During 2022, following short-term emergency support from Arts Council England (ACE), GPI Office Manager Teresa Palmiero, Trustee Sharmilla Beezmohun and Archivist Sarah Garrod applied for the GPI to become an ACE National Portfolio Organisation and receive three years of regular funding. Late last year we were delighted to hear that we had been successful in our application! This means that the GPI will receive £73,000 per annum from April 2023. Whilst not covering all our costs, the funding allows us to employ a part-time Outreach and Communications Manager and to publish more children’s books inspired by our archive collections through our Reaching New Generations series. We also hope to be able to host an annual Artist in Residence programme from 2024.

Trustee News

One of our longest serving Trustees, Dr Aggrey Burke, received the award of Honorary Doctor of Science from his former employer St George’s Medical School. The award was presented at St George’s graduation ceremony, held at the Barbican Centre in London on 28 July.

A black white headshot of Aggrey Burke who is smiling and looking slightly to the left
Aggrey Burke

Linton Kwesi Johnson turned 70 in August 2022. One of the co-founders of the Institute and an active participant in many of the movements that we hold the archives of, we congratulate Linton on reaching this milestone and on the re-issue of his Selected Poems (Penguin) which includes a new introduction and afterword, plus three additional new poems.

Other News

Errol Lloyd Exhibition at 198 Contemporary Arts and Learning in South London

From 26 November 2022 to 4 March 2023, 198 Contemporary Arts and Learning is hosting a retrospective of acclaimed artist Errol Lloyd’s work. The GPI has loaned Errol’s bust of John La Rose to 198 and the exhibition also includes our film about the Caribbean Artists Movement archives, featuring Sarah White and Trinidadian documentary filmmaker and artist Christopher Laird. See

Born in Jamaica, Errol Lloyd came to Britain in 1963 at the age of twenty. His long and distinguished career spans nearly sixty years and covers artforms and disciplines including sculpture, painting, illustration and book covers. An award-winning author, he has written many books for children and young people. As a campaigner, he has worked to promote black visual arts in Britain throughout his career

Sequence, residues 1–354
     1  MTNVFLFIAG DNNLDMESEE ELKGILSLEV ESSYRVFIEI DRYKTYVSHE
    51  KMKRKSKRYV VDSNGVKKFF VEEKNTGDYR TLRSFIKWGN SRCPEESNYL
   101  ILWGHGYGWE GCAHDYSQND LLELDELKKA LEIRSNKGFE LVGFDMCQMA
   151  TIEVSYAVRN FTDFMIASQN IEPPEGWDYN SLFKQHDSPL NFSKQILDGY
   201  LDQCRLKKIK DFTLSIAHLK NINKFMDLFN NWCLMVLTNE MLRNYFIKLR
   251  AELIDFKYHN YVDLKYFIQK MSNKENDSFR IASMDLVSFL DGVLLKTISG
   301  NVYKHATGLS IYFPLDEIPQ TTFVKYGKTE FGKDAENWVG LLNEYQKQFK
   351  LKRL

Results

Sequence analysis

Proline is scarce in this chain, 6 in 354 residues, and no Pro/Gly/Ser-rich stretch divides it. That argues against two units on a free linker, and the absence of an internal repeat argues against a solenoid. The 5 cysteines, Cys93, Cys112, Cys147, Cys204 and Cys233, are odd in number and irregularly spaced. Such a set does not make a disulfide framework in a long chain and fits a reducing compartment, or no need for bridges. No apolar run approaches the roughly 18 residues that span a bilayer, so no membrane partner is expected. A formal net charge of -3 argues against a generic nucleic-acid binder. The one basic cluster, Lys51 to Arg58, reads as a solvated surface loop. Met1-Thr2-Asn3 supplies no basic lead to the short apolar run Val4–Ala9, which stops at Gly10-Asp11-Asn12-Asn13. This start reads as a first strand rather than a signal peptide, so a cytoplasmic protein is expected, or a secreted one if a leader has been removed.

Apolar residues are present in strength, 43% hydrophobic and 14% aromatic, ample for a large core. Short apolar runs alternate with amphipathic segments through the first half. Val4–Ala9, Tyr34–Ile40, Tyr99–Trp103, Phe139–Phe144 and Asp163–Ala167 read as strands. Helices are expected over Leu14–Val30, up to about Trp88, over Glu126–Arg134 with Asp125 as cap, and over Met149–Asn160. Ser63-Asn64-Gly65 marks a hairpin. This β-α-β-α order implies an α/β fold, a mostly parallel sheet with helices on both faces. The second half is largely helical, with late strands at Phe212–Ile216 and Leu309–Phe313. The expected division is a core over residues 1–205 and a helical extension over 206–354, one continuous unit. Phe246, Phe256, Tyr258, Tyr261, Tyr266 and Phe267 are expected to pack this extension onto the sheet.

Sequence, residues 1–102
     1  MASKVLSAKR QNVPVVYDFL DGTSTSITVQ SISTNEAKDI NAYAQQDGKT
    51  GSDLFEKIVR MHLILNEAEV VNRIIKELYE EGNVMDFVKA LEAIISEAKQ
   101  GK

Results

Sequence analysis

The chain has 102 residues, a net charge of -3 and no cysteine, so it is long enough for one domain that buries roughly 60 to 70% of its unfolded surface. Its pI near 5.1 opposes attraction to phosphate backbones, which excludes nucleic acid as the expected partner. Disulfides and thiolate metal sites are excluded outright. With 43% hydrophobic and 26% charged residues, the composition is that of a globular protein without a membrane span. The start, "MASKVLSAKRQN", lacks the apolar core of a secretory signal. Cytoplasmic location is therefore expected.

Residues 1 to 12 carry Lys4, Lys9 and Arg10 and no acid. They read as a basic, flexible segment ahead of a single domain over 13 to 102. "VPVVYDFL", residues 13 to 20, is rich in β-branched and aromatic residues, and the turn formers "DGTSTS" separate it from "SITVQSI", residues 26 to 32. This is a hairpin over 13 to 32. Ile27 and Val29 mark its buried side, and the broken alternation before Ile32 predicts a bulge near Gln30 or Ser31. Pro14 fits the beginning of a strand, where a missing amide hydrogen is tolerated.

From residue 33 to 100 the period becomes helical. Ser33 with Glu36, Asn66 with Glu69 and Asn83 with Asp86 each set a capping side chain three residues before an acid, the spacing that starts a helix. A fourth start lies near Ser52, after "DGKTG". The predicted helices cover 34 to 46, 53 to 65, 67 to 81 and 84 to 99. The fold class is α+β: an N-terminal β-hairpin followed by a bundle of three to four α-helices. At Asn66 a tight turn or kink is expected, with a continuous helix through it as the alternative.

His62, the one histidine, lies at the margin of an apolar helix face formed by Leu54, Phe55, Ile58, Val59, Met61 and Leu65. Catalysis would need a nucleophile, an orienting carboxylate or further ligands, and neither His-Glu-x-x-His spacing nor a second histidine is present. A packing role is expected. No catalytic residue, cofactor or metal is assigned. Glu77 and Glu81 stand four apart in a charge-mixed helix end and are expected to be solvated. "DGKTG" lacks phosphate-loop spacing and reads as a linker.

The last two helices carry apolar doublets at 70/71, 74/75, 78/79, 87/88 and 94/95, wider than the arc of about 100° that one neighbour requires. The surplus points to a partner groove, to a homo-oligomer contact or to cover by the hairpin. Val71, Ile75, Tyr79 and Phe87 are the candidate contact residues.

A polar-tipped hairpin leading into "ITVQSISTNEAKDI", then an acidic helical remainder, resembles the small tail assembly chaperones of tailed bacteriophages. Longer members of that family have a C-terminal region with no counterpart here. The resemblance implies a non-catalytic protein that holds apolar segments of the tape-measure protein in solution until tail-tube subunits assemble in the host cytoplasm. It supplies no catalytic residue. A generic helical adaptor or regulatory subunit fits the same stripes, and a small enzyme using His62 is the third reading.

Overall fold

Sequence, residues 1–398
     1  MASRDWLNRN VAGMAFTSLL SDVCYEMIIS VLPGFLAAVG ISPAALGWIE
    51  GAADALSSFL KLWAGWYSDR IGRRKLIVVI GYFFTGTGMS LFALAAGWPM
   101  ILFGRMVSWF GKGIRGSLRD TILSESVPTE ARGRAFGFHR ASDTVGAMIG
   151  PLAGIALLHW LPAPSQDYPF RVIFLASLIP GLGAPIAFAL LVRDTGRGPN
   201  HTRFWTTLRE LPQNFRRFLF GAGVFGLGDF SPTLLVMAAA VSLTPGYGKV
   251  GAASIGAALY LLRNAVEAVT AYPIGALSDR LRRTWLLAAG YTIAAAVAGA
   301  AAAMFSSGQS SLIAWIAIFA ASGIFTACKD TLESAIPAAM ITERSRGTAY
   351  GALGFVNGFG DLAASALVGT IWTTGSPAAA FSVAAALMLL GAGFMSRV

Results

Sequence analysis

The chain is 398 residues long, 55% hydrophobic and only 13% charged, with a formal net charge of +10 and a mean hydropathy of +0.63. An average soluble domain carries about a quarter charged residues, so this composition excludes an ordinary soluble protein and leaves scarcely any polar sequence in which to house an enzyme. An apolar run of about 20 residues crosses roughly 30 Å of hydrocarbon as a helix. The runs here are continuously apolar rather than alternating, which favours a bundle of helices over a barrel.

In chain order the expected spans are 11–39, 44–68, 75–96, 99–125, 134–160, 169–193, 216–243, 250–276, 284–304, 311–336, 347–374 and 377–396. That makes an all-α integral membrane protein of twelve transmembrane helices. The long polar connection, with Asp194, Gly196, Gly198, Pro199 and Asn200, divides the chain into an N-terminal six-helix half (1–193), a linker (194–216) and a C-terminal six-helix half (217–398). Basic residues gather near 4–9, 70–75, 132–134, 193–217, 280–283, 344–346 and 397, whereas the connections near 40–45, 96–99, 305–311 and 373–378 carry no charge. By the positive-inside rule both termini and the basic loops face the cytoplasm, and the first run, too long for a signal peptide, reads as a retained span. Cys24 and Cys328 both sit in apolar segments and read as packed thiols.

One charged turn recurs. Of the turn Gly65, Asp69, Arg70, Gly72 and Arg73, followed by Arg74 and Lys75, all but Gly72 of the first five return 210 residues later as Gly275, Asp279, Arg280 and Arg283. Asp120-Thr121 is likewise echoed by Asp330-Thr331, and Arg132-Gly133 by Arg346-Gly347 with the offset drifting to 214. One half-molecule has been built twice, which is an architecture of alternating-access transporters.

A self-taught artist, Errol credits the sculptor Ronald Moody, the painter Aubrey Williams and other artists of the Caribbean Artists Movement (CAM) with giving him support and practical help to fully pursue the life of an artist. His membership of CAM led to a life-long relationship with New Beacon Books and the George Padmore Institute. Errol’s sculptures include high-profile subjects such as the writer CLR James, Jamaican prime minister Sir Alexander Bustamante, politician Lord Pitt and cricketer Sir Garfield Sobers.

We’re extremely honoured to be able to showcase Errol’s paintings on the GPI’s website (including the one pictured below). Visit our archive page to view all the images that Errol personally selected to reflect each of the collections. See:

A painting of a mother sitting with two young children on her lap
Copyright: Errol Lloyd

Funding – An Emergency Buildings Repair Appeal – PLEASE HELP!

At the end of 2022 we had a sobering report that the GPI building is in need of urgent emergency repairs. The cost of what needs to be done immediately may well be as high as £35,000. That’s why we’re launching our Emergency Buildings Repair Appeal now. The repairs will ensure that the building’s foundations are safe, securing the unique collections we hold. The main and most vital issue is around the cellar which we need to make structurally sound. Please help us today!

You can donate in the following ways


Click here

Bank transfers

CAF Bank

Account name: George Padmore Institute

Sort code: 40 52 40

Account number: 00035060


Make out cheques to the George Padmore Institute and post to 76 Stroud Green Road, London N4 3EN.

Gift Aid

If you are a UK tax payer, we can claim an extra 25% on donations from the UK government. Please email for a form:

Thank you to everyone who has supported the GPI over the last year, from all our staff and Trustees, to people who buy books, visit and donate to the Institute. We look forward to continuing to work with you to ensure that our archives, which tell the story of the essential contribution of the UK’s black communities of Caribbean, African and Asian descent in post-World War Two Britain and continental Europe, are seen as part of the history of the UK.